It’s Journalism Week at Leeds Trinity University, four days of speakers and workshops focused on the news industry. Carolyn Eden takes an outsider’s look at this annual gathering of passionate news professionals …
I haven’t been before. I’m here now in a busy lecture theatre because I find myself in the position of being a trainee journalist. Something which has taken me a little by surprise.
I’m from a theatre background really. Although I tend to use a lot of hand gestures in an attempt to clarify some of vagaries around what I actually do. I tend to do things which interest me.
Having studied media and performance at degree level, I’ve worked in television, film, radio, theatre and voiceover. And anything else that caught my eye. It’s a recent return to radio, where I used to work almost 15 years ago, that has brought me here.
I applied for a BBC Women in Radio scheme, attending a conference event at Media City UK a year ago this week. Having decided this is something I actually wanted to do properly, one thing lead to another and having found out about the Post Graduate Diploma in Broadcast Journalism shortly before it started in January, I am now on it.
I am writing this at the close of the second day of visiting speakers, half way through the event. Much as I have enjoyed learning about Media Law (I genuinely find it rather interesting) and Public Affairs, to a lesser extent, this has been the highlight of the course so far.
Having convinced the department that it was a good idea to let me complete the course part time, to enable me to continue to do the things which interest me, I am in the enviable position of not being assessed for this module. This means I can listen to everyone and attempt to absorb the information, with the relatively small challenge of live Tweeting. It feels incredibly indulgent.
Monday started with Harry Gration MBE, Presenter on BBC Look North. He spoke about his passion for working in the region he lives in, his pride for the coverage of Le Tour De France Grand Depart and the importance of challenging people and holding them to account.
Each of the speakers leave a space for questions at the end of their session and then complete one to one interviews with other Trainee Journalists. As the first cohort left to complete their stories for the Journalism Week live online coverage, I was feeling inspired by the dedication and passion for journalism and a little proud of my live Tweeting.
However, when Presenter Sonali Shah began to speak, with her interesting backstory and route into journalism “everything’s happened a bit accidentally”, I took a different kind of inspiration. She spoke about how retaining her integrity and saying no to things has opened different doors. She is passionate about her eclectic portfolio and being a working parent “you can have it all, but not at the same time.”
She spoke about judgements people make about journalism for children and being seen as “less trustworthy” or “too young looking to be taken seriously” as a result of refusing to cut her long hair. When I got the chance to speak to her afterwards, she taught me a new phrase FOMO – Fear Of Missing Out.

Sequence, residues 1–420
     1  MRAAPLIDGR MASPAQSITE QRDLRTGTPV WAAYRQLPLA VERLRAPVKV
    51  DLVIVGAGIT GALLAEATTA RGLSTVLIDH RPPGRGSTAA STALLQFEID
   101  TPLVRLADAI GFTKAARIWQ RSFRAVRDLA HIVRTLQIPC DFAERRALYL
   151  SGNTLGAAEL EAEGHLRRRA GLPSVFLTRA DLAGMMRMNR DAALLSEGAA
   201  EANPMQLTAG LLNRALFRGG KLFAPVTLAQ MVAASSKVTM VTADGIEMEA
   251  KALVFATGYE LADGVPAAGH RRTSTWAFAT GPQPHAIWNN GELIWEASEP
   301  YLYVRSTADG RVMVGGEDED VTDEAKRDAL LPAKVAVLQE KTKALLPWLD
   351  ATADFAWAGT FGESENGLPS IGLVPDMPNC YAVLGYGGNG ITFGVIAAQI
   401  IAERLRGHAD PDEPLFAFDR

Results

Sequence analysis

Combining this with Harry’s local pride and firm Yorkshire roots, it’s another insight into an industry I’m starting to realise isn’t quite so far removed from where I am and what inspires the choices I make. Maybe my route into journalism isn’t so surprising after all.
We were treated to incredibly skilled comedic story telling from Jeremy Armstrong, journalist at the Daily Mirror, about an expensive quest to steal the 1966 World Cup ball. This was followed by some more tempered advice about working out whether to use a story for online now or save it for print and bearing witness to historic events like covering the Fritzl court case and using his German language skills.
There were some fantastic stories about working in a pre-digital age that the new trainees will never know, when newsrooms were full of smoke and the sound of typewriters. Alongside supporting the charity CAFOD, World Affairs Correspondent, Mike Woolridge OBE told us stories about sending hard copy photographs back to London by aeroplane in the 1980s and of hiring a phone line from a passing engineer to report the release of Nelson Mandela in 1990.
The Royal Television Society Yorkshire Centre along with the Radio Academy Yorkshire Branch conducted an interesting event to look at the impact of technology. It’s a topic many of the speakers touched upon and some of the sessions take on a more practical edge. We were taken through broadcast quality iphone editing techniques by Nick Garnett and Joanna Abeyie set us a group task of working on covering stories on social media.
Today closed with Michael Herrod, Foreign Editor, ITV News who talked about the ethics of covering world news stories on merit and almost brought me to tears with his emotional footage showing the human impact from war zones and tragedies “we need to show there is some hope among the horror.”
All the speakers have shared their varied experience and knowledge, individual stories and approach to the work they do. Some of them are doing what they thought they always would be, some of them had no idea where they wanted to go when they entered the industry. And I’m trying to take it all in, while still live Tweeting.
Thanks to my fellow trainees, I can refresh my memory here
If you would like to attend this FREE event, which continues today and Thursday, please contact 0113 283 7150 for further information.